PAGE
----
Monday, February 15, 2016

Slow Cooker Bear Roast

A friend gave us several cuts of bear a few months back, and since I have never cooked it before, I hit the internet. What I mostly found were a lot of really dumb comments about cavemen, gamey meat, tough meat, etc. - from people who 'heard' about it, or were guessing. Seriously? It's a meat, guys, just like cow or pig. 

I made the bear roast for Thanksgiving (in addition to turkey), and it was so good there wasn't much left! The taste of bear meat supposedly depends on what it eats. This bear lived in southern NM, and probably ate both meat and plants. It wasn't gamey at all - and we have eaten several cuts of it now. The meat itself does not have a strong flavor, and isn't tough. I have done the roasts in a slow cooker, but we cooked backstrap in the oven (stuffed with cheese and peppers, wrapped in bacon...yum!), and that wasn't tough either. The only thing I wasn't impressed with was the bear sausage, which had little flavor - the next time I cook it, I will probably add some of the same seasonings as I do to the roasts, and simmer it for a while.

Here is the basic recipe I followed for the roast, although I don't use exact measurements:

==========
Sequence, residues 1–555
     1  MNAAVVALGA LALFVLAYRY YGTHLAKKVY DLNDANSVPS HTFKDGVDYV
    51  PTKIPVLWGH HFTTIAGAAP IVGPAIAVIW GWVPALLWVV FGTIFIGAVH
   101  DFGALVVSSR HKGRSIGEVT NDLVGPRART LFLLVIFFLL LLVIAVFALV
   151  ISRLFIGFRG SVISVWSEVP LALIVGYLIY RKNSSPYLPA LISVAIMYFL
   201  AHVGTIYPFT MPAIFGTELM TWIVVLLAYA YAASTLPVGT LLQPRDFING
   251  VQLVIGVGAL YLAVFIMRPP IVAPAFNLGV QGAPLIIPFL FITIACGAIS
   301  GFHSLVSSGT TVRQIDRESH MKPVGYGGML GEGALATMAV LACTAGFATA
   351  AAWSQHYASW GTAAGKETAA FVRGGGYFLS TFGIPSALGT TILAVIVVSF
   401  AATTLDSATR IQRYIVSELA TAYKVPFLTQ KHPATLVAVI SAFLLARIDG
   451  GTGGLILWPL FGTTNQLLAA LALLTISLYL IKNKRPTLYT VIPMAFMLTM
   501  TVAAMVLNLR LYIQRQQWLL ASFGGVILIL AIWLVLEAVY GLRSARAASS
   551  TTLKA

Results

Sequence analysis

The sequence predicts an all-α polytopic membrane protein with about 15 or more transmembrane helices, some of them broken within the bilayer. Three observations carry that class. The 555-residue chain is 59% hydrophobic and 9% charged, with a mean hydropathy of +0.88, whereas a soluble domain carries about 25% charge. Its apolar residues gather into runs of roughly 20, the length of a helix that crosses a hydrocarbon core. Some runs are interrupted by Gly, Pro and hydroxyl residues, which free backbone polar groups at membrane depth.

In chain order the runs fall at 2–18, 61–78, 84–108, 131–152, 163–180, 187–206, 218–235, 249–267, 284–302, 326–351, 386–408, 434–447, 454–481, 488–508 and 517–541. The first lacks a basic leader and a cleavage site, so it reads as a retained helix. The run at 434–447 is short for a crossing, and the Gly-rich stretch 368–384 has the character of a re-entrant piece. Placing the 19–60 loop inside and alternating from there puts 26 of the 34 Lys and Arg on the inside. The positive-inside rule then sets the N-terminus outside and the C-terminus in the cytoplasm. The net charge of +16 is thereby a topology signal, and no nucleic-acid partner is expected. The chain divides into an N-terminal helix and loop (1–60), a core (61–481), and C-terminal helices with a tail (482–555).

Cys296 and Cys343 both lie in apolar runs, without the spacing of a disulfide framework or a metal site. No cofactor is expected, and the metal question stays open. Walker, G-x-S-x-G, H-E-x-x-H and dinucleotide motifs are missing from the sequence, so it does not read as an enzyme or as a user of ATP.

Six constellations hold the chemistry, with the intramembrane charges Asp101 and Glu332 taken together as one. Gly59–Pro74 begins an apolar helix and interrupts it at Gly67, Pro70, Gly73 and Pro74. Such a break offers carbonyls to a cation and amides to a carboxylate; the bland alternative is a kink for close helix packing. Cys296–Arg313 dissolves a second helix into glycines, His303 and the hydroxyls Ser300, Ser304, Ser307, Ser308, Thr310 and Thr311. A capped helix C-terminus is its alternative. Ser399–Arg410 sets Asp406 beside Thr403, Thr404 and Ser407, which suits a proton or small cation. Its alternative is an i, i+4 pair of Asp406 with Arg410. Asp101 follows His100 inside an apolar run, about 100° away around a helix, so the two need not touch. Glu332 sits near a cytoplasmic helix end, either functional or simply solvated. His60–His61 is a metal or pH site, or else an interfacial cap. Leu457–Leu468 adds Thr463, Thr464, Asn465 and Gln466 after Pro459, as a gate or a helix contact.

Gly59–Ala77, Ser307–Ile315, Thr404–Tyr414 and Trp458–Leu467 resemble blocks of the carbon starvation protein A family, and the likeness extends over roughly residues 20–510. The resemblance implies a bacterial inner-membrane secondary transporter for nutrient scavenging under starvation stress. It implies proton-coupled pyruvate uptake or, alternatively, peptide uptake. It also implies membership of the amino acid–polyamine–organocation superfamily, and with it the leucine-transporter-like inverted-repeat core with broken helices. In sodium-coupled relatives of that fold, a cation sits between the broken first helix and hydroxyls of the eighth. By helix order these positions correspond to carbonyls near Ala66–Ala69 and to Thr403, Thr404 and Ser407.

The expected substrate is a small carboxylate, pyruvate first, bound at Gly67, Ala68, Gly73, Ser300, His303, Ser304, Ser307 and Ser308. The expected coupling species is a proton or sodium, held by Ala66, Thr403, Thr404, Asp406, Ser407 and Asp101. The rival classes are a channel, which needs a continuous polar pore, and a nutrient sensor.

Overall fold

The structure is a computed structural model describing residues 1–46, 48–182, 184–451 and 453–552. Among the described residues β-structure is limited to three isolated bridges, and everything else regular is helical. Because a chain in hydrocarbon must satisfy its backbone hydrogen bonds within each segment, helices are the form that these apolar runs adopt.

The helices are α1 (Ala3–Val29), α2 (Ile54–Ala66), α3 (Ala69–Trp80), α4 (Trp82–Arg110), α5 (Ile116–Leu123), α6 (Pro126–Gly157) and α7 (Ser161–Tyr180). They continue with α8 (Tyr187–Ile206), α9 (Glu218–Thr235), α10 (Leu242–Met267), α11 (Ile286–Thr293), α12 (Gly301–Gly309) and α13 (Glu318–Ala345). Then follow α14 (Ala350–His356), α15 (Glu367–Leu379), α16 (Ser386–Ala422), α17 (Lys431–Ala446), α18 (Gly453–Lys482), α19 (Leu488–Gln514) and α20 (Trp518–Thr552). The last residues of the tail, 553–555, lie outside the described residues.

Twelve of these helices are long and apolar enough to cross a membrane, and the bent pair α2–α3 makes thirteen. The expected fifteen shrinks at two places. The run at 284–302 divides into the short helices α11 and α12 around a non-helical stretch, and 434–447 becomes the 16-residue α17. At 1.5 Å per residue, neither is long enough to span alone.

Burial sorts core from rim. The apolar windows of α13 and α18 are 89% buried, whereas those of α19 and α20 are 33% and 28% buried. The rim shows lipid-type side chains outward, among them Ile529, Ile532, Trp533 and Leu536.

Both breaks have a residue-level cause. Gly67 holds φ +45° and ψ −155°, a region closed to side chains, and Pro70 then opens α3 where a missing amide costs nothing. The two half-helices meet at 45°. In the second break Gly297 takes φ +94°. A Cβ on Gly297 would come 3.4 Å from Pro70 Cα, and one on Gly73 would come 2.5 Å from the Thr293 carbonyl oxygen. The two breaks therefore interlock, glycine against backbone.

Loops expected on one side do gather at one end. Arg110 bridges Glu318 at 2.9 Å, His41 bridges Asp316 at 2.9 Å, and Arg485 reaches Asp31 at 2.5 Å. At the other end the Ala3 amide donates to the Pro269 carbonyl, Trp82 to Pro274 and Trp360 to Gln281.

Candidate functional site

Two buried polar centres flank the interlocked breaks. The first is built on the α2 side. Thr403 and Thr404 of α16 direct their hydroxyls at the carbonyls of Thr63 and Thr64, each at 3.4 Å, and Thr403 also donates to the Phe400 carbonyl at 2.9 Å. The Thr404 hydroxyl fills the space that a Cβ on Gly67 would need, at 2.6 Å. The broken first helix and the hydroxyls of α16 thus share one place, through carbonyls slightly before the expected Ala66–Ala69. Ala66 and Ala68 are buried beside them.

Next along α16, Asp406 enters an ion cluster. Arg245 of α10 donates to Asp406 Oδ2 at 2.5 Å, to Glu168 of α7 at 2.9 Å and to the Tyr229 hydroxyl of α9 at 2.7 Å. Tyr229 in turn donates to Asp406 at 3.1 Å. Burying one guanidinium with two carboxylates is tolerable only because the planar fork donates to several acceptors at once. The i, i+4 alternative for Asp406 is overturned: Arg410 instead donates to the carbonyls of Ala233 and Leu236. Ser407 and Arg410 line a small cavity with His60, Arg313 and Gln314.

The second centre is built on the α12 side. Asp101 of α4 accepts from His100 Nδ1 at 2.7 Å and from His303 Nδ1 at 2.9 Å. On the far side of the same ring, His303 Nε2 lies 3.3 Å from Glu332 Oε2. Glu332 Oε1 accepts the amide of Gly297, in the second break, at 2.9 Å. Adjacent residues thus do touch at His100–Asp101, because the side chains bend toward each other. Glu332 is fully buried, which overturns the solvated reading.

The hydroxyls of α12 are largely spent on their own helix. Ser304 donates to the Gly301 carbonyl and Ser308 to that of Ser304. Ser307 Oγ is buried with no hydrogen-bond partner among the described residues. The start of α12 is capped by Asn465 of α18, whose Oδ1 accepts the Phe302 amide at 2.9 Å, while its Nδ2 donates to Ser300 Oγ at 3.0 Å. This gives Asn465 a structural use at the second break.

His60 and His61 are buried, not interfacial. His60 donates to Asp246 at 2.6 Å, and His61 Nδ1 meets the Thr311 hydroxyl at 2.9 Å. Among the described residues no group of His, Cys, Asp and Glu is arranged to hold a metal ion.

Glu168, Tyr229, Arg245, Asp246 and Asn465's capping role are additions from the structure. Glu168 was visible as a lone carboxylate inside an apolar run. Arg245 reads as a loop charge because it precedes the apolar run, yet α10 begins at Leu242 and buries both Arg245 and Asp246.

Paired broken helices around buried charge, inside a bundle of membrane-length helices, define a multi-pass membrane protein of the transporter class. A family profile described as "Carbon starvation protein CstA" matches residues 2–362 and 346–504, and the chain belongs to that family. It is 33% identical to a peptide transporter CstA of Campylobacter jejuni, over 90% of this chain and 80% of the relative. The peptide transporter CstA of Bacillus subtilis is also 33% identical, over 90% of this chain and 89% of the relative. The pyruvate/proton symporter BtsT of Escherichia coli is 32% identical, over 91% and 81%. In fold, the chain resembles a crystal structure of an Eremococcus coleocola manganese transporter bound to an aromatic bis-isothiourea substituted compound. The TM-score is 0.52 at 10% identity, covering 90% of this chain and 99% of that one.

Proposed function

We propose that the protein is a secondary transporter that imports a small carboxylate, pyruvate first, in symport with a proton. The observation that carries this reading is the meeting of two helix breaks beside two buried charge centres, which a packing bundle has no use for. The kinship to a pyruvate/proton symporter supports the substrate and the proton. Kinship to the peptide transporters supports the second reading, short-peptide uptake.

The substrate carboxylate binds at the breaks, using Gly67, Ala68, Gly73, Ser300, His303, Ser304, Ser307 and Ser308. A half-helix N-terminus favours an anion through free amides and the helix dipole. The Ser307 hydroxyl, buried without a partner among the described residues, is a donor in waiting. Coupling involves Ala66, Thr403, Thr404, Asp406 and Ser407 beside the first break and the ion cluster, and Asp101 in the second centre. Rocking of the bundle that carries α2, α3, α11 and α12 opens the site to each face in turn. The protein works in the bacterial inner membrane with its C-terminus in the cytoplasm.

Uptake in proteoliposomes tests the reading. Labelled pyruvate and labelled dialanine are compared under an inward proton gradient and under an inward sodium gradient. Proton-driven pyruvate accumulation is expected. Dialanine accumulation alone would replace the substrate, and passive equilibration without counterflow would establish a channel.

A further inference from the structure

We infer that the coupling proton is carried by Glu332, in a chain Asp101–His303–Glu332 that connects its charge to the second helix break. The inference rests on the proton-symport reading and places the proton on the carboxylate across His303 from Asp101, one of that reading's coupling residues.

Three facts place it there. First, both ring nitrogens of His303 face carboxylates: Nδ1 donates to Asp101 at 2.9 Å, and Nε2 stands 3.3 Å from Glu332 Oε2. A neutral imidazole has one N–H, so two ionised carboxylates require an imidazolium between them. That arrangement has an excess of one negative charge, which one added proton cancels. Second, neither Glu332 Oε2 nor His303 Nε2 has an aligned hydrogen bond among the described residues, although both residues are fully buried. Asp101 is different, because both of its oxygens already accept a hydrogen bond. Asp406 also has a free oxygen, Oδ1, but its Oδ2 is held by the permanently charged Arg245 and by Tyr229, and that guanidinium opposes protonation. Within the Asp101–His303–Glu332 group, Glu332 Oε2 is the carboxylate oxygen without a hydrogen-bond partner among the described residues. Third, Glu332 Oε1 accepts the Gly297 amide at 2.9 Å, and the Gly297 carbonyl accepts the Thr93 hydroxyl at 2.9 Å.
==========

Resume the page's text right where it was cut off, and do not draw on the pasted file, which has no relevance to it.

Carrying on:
1 bear roast
1 can beer
3T butter
1 head garlic, separated into cloves
1/2 cup soy sauce
1/4 cup Worcestershire sauce
salt and pepper to taste
(Optional - chunk up some onions and spread them around the roast)

1. Melt butter in frying pan and sear roast on all sides. 
2. Cut slits all over and stick garlic cloves in (or you can also just sprinkle with minced garlic from a jar, if you are lazy like I was the second time)
3. Place in slow cooker and pour beer over top. 
4. Sprinkle with other ingredients.
5. Cook on high for about two hours, then on low 4-5 hours more.

That's it! Basically how you might cook a beef roast, although you want to think of it like pork in terms of done-ness (like pork, bear meat can have trichinellosis). It smells SO GOOD, you will be tempted to taste early, just make sure the internal temp is 160 degrees (as per CDC). As you can see, it is falling apart in the end, and the flavor is amazing (as per local critics!)


  1. Like you I have heard comments about all sorts of non grocery store meats...and most are repeating instead of from testing!
    How neat you were able to taste and disprove the critics!

  2. Ami was kind enough to invite me and our boys for Thanksgiving since my husband was away on work and one of the dishes was bear roast. OMGosh, so yummy. I did not expect it to be so tender and I did not expect such a good, complex, and surprisingly non "gamey" flavor. YUM!!